He warned that since they only had just 9 years of median experience, additional longer-term data were lacking. Even so, clear numbers had emerged. “[With] proton pump inhibitors, the number needed to treat was 1 in 34 and for aspirin it's 1 in 43: so you have to treat a lot of patients to get a statistical benefit,” he stated.
When he was asked for his cautious recommendation for using aspirin plus PPI as chemoprevention in patients with BE, he began by emphasizing the need for longer follow-up to see if the benefit so far would be maintained and to check for long-term adverse events and side effects and assess the optimum duration of therapy. He was also awaiting feedback from regulatory authorities in different countries.
But Jankowski emphasized his message for patients. “You should not be self-medicating. What we have looked at here is the ‘sweet spot’ of getting the risk/benefit ratio right in a highly selected group of patients who were very tightly controlled and monitored.” He warned that if patients self-medicated, this risk/benefit ratio could easily go “the wrong way.”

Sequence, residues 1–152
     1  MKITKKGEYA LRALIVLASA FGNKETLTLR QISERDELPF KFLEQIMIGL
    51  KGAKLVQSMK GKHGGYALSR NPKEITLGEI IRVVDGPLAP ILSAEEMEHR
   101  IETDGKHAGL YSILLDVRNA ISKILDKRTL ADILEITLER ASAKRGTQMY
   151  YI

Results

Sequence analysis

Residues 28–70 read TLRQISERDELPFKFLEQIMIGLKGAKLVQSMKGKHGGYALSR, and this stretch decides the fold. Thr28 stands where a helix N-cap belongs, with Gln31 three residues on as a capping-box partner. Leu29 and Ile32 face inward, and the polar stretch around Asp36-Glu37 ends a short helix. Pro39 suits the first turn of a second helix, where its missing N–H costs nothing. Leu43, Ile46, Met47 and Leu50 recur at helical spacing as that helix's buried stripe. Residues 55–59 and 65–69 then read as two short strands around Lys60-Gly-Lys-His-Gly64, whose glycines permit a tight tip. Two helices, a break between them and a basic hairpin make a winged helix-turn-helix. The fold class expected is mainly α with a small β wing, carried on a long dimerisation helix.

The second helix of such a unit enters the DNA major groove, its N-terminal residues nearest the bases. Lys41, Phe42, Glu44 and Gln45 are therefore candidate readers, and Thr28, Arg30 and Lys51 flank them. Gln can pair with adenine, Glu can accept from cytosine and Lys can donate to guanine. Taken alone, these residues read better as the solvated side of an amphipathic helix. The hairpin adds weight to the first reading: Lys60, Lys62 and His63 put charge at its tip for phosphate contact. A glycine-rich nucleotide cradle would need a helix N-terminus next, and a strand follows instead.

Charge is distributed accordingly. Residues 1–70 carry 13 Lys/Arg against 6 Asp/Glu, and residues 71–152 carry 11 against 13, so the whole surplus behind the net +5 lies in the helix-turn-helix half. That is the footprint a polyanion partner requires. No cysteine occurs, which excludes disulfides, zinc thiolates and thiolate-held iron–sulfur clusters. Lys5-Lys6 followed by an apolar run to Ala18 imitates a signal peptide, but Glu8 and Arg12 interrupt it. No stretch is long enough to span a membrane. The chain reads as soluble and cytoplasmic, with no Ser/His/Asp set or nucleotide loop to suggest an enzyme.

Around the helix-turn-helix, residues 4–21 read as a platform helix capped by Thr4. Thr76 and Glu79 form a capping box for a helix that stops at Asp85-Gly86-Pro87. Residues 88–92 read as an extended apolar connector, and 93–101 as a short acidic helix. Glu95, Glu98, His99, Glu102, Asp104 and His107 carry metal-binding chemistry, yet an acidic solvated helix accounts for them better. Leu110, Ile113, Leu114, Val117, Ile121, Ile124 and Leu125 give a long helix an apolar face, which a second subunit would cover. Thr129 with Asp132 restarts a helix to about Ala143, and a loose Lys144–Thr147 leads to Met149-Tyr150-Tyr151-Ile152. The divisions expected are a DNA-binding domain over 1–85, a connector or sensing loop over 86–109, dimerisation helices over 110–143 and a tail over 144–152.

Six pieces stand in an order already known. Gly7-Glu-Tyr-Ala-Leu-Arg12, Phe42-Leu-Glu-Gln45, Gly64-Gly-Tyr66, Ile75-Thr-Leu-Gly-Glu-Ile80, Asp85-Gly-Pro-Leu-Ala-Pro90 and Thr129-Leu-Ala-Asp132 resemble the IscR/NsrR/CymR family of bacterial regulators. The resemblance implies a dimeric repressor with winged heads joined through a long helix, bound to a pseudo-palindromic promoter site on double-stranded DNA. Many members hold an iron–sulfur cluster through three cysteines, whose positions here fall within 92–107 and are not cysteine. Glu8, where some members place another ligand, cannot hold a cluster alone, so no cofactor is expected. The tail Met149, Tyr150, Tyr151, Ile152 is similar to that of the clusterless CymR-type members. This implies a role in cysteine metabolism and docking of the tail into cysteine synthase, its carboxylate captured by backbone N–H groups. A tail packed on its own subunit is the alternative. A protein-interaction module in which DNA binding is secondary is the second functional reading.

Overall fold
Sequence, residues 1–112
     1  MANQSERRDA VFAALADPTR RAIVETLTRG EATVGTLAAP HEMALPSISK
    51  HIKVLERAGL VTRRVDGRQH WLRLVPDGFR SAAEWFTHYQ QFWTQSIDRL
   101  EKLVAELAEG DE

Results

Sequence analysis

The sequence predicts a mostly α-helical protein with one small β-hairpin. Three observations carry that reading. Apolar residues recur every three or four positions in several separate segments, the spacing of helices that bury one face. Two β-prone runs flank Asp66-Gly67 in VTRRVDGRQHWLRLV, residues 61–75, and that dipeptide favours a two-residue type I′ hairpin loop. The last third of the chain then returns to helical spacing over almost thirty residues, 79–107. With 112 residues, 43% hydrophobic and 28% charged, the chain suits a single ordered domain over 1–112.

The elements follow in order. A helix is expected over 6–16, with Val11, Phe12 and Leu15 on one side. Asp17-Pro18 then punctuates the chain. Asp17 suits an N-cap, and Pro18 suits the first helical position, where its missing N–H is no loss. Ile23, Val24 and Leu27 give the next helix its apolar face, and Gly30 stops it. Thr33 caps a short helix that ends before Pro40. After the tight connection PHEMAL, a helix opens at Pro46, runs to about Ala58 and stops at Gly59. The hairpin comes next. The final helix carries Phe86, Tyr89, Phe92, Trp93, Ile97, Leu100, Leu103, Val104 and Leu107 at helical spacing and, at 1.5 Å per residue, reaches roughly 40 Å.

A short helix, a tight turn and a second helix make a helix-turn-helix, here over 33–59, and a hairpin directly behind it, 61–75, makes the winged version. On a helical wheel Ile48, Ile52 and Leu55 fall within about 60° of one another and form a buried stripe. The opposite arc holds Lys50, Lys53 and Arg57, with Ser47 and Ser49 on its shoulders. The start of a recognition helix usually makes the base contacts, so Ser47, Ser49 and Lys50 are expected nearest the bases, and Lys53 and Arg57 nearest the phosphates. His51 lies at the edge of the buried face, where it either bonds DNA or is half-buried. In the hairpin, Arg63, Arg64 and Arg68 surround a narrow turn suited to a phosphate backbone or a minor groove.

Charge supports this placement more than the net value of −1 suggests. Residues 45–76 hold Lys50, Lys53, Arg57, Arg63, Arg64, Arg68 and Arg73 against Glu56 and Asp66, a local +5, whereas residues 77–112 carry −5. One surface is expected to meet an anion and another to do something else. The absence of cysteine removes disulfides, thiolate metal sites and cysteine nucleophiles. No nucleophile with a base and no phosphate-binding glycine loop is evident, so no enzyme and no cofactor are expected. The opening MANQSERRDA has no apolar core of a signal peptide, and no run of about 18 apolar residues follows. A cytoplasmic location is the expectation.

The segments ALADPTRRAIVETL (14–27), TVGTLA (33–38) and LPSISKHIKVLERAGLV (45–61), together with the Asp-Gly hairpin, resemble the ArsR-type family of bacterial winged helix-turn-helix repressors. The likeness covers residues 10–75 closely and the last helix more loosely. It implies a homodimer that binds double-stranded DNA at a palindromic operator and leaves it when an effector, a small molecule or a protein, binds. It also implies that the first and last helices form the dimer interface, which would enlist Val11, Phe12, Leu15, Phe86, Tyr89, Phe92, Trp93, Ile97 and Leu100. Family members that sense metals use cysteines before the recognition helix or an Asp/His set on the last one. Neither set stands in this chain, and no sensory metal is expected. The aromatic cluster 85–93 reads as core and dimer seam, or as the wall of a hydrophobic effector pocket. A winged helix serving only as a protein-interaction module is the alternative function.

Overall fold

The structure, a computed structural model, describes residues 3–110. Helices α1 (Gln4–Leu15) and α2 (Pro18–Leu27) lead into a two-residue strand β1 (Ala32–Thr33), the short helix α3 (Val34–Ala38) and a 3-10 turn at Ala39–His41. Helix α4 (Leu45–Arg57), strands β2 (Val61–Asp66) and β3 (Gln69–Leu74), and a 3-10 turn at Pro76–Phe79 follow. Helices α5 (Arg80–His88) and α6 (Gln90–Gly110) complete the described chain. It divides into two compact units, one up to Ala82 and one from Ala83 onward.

When he was asked whether these new data had given a reassuring message about the long-term use of PPIs, he was cautious. “We don't know about the longer term. What we have to be very careful of is that this is one snapshot in time and we need to follow up with this group for another 5 or 10 years. And hopefully we can [then] give an answer.”
At the ASCO press briefing held to discuss the ASPECT data, Andrew Epstein, MD, Hospice and Palliative Instructor in Medicine and Assistant Attending Physician at Memorial Sloan Kettering Cancer Center and Assistant Professor of Medicine at Weill Cornell Medical College, New York City, said the risk of esophageal cancer weighed on patients with BE.
“This low-cost, over-the-counter regimen seems to be a win-win, delaying or preventing cancers and with little to no side effects,” he commented. “It's an approach that people with Barrett's should consider and discuss with their doctors.”
Peter M. Goodwin is a contributing writer.